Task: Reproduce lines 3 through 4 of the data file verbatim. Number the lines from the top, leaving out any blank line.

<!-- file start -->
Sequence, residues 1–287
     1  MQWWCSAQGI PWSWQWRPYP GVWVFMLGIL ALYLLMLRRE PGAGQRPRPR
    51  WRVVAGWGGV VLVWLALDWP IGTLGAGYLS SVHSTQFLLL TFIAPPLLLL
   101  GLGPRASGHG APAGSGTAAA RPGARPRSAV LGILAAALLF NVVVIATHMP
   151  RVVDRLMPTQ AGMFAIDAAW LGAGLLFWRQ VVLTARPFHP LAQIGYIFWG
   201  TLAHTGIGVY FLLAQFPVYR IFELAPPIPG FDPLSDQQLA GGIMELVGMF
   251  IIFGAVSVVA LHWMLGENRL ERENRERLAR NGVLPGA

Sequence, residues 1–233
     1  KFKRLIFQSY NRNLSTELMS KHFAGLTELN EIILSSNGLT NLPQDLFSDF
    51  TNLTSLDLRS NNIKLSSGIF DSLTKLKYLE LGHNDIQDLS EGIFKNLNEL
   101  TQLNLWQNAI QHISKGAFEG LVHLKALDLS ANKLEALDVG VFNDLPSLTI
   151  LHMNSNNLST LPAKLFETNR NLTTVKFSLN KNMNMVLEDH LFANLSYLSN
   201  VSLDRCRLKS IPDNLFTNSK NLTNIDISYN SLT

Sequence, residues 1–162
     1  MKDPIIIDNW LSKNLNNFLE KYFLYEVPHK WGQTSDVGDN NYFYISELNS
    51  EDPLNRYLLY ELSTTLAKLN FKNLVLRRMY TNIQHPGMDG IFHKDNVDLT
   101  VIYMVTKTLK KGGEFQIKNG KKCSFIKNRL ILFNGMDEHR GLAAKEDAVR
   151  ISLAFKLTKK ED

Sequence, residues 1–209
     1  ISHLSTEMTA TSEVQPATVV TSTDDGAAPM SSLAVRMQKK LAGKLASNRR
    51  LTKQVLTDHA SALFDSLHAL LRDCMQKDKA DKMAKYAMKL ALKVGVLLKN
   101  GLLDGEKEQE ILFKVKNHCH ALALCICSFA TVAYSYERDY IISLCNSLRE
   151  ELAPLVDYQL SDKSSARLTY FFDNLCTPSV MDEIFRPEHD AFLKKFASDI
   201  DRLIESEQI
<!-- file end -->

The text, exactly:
    51  WRVVAGWGGV VLVWLALDWP IGTLGAGYLS SVHSTQFLLL TFIAPPLLLL
   101  GLGPRASGHG APAGSGTAAA RPGARPRSAV LGILAAALLF NVVVIATHMP